Daily Management Review

Morgan Stanley clients bought Uber shares for $ 48.77. Now they cost less than $ 40


05/14/2019


Three years ago, Morgan Stanley invited wealthy clients to invest in Uber. Now it turns out that they incurred losses: amount of the transactions turned out to be higher than the placement price. Moreover, after the IPO, the price of Uber shares has been falling only “abnormally”.



ell brown
ell brown
In 2016, the investment bank Morgan Stanley offered its most valuable customers and employees to invest in Uber, reports Bloomberg with reference to the documents at its disposal. The bank offered to invest through a fund called New Riders LP and set the entry threshold at $ 250,000. The entire company was then valued at $ 62.5 billion. Morgan Stanley documents then described the sum as a “reasonable” estimate, taking into account competitive advantages of Uber and business growth prospects. Risk factors included rising operating expenses and continuing losses.

Those who took advantage of the Morgan Stanley’s offer were able to convert their shares into Class A shares in the future if Uber held an IPO. As a result of this transaction, according to Bloomberg, one paper cost investors $ 48.77 apiece.

It would be cheaper to buy on the exchange: Uber placed its shares on the New York Stock Exchange on May 10 at $ 45 per share, capitalization was about $ 82 billion. At the same time, on the first trading day, which coincided with an aggravation in the US-China trade negotiations, the cost fell 7.6% to $ 41.57. This fall Bloomberg called the “anomaly”. On the second day of trading, the fall during the day exceeded 10%, Uber securities were worth about $ 37, capitalization dropped to $ 62.2 billion (at the time of publication, trading continued). Under the terms of the IPO, investors cannot sell Uber shares within 180 days after placement.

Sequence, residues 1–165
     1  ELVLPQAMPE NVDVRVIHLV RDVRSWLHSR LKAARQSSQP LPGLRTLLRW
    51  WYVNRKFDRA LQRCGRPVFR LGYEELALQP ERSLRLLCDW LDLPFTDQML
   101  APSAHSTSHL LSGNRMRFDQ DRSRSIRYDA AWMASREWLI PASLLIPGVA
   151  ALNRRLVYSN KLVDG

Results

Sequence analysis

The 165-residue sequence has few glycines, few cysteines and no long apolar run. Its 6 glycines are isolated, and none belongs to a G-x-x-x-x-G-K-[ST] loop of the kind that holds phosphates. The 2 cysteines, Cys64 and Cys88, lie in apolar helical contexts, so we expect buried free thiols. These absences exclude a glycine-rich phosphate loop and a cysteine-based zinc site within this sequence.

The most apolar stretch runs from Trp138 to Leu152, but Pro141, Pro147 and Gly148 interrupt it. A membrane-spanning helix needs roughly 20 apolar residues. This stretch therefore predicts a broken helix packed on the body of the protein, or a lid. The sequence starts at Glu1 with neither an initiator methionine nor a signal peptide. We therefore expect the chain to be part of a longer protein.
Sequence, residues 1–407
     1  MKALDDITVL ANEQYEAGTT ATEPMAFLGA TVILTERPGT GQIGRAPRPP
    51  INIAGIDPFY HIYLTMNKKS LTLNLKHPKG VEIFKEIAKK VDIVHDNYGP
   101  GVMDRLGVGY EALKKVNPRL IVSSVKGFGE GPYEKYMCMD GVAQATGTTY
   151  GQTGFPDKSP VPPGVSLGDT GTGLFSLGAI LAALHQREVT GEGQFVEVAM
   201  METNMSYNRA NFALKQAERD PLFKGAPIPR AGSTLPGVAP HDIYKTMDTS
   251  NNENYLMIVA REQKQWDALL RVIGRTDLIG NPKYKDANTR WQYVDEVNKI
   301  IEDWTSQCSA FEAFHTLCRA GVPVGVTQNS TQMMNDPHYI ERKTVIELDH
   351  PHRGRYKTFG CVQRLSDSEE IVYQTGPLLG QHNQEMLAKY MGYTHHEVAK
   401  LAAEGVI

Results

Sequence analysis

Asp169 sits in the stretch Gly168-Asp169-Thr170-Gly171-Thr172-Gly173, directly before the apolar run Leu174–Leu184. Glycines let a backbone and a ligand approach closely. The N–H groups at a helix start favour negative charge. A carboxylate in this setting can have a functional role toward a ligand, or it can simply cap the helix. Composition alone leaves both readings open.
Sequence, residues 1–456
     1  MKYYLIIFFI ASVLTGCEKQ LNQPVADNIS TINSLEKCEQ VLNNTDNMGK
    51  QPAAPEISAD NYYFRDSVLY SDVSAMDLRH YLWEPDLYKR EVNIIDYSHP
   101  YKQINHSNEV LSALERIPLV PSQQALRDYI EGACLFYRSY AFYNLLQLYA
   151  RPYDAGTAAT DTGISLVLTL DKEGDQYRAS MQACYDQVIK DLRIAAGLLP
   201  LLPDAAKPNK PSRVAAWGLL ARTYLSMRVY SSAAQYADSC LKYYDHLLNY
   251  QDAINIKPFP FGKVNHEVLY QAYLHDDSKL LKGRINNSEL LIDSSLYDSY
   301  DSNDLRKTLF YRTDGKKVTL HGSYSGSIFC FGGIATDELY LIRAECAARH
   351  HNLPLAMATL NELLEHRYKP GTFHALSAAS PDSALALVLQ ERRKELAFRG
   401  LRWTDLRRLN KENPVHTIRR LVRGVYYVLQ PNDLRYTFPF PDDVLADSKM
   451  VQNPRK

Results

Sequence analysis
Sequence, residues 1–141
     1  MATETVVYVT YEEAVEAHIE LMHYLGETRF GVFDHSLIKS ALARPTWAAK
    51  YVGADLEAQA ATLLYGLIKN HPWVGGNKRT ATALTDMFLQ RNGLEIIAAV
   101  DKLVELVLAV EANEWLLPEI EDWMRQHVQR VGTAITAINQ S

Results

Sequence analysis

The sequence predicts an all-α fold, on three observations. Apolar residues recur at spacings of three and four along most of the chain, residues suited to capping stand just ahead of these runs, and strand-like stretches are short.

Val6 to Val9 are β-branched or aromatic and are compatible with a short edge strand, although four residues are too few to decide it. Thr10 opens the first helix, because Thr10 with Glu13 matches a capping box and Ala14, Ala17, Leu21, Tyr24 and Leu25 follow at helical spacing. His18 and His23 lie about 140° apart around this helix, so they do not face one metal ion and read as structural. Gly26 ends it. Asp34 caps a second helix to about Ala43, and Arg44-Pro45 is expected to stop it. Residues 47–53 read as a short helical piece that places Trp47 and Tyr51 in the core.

It is unknown how many clients and employees of Morgan Stanley seized the opportunity to invest in Uber three years ago. The representative of the bank declined to comment.

Morgan Stanley has long helped wealthy customers invest in rising stars in Silicon Valley. Dennis Lynch, Head of Counterpart Global, a member of Morgan Stanley, helped to invest in Facebook and Twitter in the early stages when companies were not yet public. The bank relies on its relationship with the "legions of wealthy investors" to provide start-ups with private funding and enable them to develop their business before the IPO, Bloomberg writes. In theory, this approach is beneficial for all parties, including the bank itself - it is more likely to be chosen as an underwriter for an IPO. Now, Morgan Stanley will have the opportunity to see how customers react to losses.

In the case of Uber, Morgan Stanley fought with Goldman Sachs for its role as underwriter, whose management even bought a stake in the company in the early stages. Goldman also provided its rich customers with the opportunity to purchase paper before the IPO. To show how important Uber was for Morgan Stanley, bank managing director Michael Grimes even worked as a taxi driver, wrote WSJ.

source: forbes.com






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